Shall I go on?
Françoise Lannoye, president of Castillon Côtes de Bordeaux tells me that at least 75% of the 250 winemakers in the appellation have been severely affected. Same story in Pomerol, including up to 90% at Château Bellegrave and Château La Pointe, and 80%-plus at Châteaux Garraud and Annereaux in Lalande-de-Pomerol.
The inland Médoc estates, as you would expect, have been more badly affected than those who can rely on the moving air of the Garonne river – so Camensac, Mauvesin-Barton, Angludet all saw serious losses. Over in Pessac Léognan, Carmes Haut-Brion suffered damage to around 25% of its vines, while châteaux further out in Martillac and Léognan lost closer to 60%.
Down in Sauternes, around 50% of vines were wiped out.
‘It looks like winter in the vineyard now,’ says Ducourt. ‘But we will know more clearly in a month’s time at flowering how much we really lost.’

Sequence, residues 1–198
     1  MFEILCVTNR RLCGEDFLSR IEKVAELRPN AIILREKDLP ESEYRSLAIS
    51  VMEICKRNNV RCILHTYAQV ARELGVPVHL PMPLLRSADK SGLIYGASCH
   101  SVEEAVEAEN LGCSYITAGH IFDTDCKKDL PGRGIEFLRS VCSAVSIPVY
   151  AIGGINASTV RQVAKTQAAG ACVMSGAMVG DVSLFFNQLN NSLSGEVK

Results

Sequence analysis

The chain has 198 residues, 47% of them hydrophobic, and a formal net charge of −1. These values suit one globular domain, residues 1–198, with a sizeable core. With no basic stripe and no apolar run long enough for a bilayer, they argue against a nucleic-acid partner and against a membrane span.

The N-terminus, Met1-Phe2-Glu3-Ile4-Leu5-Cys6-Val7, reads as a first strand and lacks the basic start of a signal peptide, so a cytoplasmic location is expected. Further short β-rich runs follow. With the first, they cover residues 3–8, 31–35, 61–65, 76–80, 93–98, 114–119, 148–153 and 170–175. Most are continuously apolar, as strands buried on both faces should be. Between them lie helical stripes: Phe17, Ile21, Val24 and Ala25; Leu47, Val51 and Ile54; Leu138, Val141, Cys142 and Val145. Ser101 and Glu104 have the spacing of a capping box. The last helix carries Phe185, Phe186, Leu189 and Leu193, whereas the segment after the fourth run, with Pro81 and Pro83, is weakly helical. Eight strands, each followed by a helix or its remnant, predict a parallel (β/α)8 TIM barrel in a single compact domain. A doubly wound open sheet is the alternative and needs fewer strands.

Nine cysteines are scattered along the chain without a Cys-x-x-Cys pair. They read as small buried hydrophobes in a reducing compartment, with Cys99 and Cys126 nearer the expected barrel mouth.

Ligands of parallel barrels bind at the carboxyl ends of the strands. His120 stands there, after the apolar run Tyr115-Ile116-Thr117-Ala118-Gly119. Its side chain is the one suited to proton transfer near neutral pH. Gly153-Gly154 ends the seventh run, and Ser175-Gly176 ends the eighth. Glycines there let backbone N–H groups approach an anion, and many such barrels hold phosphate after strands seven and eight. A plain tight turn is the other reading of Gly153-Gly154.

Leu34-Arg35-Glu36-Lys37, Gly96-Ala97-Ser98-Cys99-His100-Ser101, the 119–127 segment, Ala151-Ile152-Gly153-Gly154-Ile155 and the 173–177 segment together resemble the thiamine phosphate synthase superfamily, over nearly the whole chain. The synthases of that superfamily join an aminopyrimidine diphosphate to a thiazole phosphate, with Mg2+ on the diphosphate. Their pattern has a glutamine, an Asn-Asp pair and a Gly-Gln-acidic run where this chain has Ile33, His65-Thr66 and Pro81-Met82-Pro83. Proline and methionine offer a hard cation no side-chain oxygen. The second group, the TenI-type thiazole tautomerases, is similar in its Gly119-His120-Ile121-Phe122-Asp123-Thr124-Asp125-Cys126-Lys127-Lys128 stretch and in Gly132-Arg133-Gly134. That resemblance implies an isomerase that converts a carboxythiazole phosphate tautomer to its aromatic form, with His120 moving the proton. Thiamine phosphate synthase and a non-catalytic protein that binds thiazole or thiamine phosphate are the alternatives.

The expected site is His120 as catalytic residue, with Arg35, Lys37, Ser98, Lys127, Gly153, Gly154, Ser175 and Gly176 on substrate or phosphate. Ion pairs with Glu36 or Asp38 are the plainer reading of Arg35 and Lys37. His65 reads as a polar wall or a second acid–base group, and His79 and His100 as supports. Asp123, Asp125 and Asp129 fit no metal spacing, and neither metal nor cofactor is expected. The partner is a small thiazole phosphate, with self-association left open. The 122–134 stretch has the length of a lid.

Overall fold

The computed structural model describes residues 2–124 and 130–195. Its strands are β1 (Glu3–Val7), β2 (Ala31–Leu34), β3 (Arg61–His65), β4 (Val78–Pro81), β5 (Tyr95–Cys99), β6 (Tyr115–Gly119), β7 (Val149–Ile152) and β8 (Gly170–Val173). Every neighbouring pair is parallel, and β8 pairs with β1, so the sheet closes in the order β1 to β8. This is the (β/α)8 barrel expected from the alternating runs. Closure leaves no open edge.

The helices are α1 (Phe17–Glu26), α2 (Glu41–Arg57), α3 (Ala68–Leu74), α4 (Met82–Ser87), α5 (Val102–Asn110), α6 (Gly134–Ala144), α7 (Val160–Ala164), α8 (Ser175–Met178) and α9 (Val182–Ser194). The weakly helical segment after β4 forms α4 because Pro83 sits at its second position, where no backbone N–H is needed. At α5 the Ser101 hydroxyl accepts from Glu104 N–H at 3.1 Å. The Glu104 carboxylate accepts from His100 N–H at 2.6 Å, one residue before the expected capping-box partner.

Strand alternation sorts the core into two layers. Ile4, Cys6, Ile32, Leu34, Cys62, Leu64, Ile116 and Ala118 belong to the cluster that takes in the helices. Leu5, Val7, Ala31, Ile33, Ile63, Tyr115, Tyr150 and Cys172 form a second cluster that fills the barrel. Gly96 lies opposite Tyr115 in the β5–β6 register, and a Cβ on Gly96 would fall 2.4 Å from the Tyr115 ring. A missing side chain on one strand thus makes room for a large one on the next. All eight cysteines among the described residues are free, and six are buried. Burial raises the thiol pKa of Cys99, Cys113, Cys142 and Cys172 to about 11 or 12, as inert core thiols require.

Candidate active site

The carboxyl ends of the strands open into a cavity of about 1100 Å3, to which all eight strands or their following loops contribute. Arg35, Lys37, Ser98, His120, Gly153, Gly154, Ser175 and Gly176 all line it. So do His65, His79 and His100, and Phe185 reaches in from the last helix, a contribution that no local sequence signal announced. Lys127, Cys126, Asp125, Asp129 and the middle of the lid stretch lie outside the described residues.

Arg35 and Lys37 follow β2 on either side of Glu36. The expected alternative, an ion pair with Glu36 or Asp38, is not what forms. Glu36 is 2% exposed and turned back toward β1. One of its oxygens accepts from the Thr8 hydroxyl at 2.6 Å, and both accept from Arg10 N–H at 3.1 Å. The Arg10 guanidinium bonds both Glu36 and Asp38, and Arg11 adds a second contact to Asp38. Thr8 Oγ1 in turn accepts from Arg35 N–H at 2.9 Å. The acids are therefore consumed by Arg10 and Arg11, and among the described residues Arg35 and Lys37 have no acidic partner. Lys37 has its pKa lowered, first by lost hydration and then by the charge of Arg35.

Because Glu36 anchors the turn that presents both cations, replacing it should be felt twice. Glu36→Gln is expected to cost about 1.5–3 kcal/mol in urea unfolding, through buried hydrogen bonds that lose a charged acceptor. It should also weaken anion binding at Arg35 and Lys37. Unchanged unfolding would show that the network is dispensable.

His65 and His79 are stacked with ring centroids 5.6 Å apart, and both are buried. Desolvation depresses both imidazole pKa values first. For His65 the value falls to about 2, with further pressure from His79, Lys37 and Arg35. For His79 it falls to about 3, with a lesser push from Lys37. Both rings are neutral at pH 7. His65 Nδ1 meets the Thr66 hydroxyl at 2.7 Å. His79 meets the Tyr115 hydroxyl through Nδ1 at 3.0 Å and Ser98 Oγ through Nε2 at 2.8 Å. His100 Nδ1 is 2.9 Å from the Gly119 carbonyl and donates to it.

‘One of the key problems this year is that we have enjoyed such a mild spring that the vineyards were between 10 and 15 days ahead of normal,’ says Lannoye. ‘It meant that all the buds had already appeared, and in many cases even the secondary buds that typically can go on after frost to produce at least 50% of a full crop’.
‘And there is a risk that frost will affect the quality of the pollen,’ says Marielle Cazeau at La Conseillante. ‘That means difficulty during flowering. We just don’t know yet.’
To limit damage as much as possible, the team at La Conseillante is this week in the vineyards cutting back any affected vines in an attempt to stimulate the second budding.
And everywhere people are assessing the impact on the buds that will provide shoots for next year’s harvest, hoping that 2018 will not be a write-off.
Fallout for Bordeaux 2016 en primeur
Guillaume Cassat of AOC Conseils, a consultancy firm aimed specifically at the wine industry, has more than 100 clients across Bordeaux, including Château Tour des Termes, Grand Corbin, La Tour St Bonnet and Marquis de Terme. He told me that en primeur is just one part of a more complicated picture.